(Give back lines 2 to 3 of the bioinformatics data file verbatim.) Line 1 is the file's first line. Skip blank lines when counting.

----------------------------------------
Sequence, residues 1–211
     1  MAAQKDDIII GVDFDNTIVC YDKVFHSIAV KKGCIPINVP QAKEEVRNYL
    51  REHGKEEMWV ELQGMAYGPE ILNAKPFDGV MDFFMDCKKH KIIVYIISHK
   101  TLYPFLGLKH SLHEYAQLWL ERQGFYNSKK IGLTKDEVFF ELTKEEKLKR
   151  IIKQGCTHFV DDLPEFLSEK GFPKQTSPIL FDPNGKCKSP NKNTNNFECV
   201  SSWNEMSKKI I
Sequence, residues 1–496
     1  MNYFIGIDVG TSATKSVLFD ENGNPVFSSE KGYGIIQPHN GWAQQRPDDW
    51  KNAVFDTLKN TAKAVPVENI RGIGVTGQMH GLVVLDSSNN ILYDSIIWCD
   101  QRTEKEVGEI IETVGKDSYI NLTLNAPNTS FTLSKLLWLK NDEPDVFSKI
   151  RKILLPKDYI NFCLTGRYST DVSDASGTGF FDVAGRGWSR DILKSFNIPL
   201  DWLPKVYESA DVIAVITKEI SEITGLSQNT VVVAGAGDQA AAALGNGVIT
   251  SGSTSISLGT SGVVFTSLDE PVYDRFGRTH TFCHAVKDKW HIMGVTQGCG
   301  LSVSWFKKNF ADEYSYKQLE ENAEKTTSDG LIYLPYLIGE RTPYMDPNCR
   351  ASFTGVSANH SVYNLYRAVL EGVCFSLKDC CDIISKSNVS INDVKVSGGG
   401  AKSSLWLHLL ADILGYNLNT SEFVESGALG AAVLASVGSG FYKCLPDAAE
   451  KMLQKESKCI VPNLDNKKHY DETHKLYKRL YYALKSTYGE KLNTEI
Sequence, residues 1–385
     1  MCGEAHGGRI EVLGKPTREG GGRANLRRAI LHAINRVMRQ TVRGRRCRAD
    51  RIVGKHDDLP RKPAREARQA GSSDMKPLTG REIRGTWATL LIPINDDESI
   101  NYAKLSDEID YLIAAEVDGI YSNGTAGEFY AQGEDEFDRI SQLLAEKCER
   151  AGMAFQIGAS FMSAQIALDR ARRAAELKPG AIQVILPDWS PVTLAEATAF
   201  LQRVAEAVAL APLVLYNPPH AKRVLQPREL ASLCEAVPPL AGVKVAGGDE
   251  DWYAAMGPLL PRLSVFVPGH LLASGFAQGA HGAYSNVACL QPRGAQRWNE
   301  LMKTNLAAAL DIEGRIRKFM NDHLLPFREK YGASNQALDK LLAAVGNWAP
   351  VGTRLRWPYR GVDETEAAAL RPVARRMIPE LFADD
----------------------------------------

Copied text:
     1  MAAQKDDIII GVDFDNTIVC YDKVFHSIAV KKGCIPINVP QAKEEVRNYL
    51  REHGKEEMWV ELQGMAYGPE ILNAKPFDGV MDFFMDCKKH KIIVYIISHK